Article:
Maybe i was simply overdosed on the social, what with all my recent travelling, and this was just the recoil. Maybe i needed alone time, with nowhere to go to get it. But i have also begun to suspect something else. I’ve been reading the blog of the eclectic and pathologically blunt Faye Kane for a couple of years. She’s a high-functioning autistic with almost no interpersonal skills, who can relate to people very well on-line but not at all in person — to the point where, up until a few months ago, she actually lived in a secret “cave” or shelter concealed somewhere in urban Virginia, surrounded by her computer equipment, microwave oven and MREs (military rations). Reading her descriptions of how it feels to be autistic has lead me to wonder whether i, too, might have a mild form of autism (Asperger’s syndrome, to be precise).
    It comes and goes, but at times just looking into somebody’s eyes, even a friend, can be a searing experience and a real challenge. I cannot understand how some people do it as a matter of course. Full, open communication is a challlenge, too — plodding, difficult and often futile.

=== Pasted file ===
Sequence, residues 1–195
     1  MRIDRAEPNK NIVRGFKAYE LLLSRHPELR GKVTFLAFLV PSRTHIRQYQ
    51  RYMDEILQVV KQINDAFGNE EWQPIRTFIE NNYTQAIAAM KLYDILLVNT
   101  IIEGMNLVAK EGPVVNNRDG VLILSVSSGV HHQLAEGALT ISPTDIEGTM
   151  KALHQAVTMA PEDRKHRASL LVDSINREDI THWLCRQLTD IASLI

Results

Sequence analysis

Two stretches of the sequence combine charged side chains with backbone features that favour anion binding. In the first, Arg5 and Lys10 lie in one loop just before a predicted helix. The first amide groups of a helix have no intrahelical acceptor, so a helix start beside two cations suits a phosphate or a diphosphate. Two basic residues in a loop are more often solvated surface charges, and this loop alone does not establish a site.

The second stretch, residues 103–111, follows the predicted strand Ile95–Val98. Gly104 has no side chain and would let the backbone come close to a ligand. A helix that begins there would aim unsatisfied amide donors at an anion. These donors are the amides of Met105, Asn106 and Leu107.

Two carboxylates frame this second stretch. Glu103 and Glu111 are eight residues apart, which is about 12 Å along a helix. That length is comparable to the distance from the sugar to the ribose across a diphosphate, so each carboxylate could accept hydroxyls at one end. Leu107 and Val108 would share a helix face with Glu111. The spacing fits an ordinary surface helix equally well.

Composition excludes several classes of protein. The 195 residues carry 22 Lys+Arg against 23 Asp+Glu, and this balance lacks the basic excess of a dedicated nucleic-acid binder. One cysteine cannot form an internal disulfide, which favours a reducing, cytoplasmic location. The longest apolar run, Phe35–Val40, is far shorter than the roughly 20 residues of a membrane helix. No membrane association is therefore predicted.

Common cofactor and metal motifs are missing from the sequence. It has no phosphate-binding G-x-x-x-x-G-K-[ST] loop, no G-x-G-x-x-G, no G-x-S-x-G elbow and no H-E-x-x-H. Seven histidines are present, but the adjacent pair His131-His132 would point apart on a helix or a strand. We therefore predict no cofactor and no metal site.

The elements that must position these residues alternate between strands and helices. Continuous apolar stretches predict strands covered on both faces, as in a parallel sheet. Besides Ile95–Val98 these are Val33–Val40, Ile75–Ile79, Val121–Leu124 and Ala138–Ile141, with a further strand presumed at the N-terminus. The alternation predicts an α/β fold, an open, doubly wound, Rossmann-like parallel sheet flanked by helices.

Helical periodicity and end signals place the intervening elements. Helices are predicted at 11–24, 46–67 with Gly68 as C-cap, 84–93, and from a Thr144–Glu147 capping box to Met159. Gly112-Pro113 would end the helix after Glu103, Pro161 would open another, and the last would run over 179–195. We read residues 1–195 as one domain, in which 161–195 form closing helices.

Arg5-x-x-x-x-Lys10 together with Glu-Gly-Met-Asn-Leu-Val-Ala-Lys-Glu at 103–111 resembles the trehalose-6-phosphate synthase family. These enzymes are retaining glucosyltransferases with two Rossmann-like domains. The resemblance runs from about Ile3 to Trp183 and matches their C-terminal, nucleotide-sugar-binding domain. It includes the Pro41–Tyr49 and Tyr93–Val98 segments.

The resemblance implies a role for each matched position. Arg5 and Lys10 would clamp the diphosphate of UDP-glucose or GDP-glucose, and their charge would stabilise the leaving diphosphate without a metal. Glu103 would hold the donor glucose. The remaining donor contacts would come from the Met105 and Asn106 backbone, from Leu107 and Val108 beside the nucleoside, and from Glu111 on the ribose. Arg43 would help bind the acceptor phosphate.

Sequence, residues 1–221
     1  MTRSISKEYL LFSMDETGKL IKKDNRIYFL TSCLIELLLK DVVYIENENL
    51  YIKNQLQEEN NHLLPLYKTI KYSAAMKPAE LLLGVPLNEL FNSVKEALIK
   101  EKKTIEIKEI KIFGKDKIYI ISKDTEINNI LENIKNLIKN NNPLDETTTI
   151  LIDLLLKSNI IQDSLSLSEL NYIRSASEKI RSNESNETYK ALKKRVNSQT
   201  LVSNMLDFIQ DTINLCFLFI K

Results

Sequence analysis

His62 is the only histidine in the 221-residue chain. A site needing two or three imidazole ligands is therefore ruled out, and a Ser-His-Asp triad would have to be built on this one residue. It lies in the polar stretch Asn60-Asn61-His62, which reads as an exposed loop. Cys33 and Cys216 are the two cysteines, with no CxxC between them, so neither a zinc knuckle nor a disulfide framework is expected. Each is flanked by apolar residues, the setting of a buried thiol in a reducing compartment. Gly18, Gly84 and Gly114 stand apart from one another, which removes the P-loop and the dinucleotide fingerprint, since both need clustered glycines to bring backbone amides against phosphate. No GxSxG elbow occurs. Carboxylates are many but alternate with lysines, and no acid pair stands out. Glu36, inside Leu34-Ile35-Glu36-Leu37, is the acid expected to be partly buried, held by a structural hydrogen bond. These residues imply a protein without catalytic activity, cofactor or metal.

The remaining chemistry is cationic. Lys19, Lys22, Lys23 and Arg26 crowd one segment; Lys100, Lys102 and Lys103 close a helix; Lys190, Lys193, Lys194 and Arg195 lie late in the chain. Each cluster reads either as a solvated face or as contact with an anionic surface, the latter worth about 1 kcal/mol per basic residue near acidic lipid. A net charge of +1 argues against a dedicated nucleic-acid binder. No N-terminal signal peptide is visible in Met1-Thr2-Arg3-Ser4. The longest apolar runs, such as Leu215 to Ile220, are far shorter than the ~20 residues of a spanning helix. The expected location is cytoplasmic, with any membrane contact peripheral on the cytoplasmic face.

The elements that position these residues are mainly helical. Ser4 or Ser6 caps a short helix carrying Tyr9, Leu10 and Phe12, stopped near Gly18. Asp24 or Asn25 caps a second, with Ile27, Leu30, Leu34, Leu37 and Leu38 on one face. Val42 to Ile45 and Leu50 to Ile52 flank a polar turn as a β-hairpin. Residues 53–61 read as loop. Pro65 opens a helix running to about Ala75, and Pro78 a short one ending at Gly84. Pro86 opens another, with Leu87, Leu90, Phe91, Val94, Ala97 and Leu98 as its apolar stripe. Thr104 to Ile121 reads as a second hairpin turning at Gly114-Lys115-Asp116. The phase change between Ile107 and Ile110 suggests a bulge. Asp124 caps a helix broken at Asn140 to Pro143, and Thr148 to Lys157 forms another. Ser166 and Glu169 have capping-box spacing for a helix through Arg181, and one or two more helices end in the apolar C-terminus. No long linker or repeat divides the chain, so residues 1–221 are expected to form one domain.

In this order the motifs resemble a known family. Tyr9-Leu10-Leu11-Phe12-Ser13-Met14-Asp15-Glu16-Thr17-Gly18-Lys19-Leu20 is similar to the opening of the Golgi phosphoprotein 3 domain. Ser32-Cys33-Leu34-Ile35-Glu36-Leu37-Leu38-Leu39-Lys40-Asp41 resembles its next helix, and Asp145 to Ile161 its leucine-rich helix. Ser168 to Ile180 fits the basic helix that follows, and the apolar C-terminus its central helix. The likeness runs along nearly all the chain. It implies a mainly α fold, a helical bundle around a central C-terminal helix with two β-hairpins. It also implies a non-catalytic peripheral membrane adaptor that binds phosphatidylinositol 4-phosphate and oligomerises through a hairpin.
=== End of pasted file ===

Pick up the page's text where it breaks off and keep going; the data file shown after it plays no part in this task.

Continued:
But then it passes, or mostly, and i can function with (relative) ease again in the world of people.
    I’m not going to pursue this self-diagnosis, for it wouldn’t lead to anything i can work with. Rather i’m taking the approach that i am as i am, despite my ideas or wishes to the contrary, and the best way forward is to accept that and work with it.
  2. PRETTY WOMEN. My social paralysis is redoubled when it comes to these delectable creatures, because it gets entangled with the wild card of desire. Now that i’m firmly into middle age, a lovely young lass (even the less than lovely ones) have become something to covet — not the plebeian way one might covet a new mp3 player (which i do), but in some gut-deep, evolution-driven, ineradicable, save-me-from-looming-death sense. It’s not like a choice that can be dealt or bargained with (or fulfilled), it’s more like a glandular, animal hunger with no conceivable end to it. Sure, it’s controllable — the last thing i want is to become that cliché, the older man with the trophy wife. But dang, that doesn’t stop me from wanting it.
    And with that want comes a giving away of personal power. If a woman — any woman, probably — played her cards right, she’d have me on strings like a puppet. Worse yet, even if i did somehow resist her, i would think about it and regret it forever. Such is the lot of the insecure heterosexual male. I really hate this part of me, and so … i fear the pretty woman.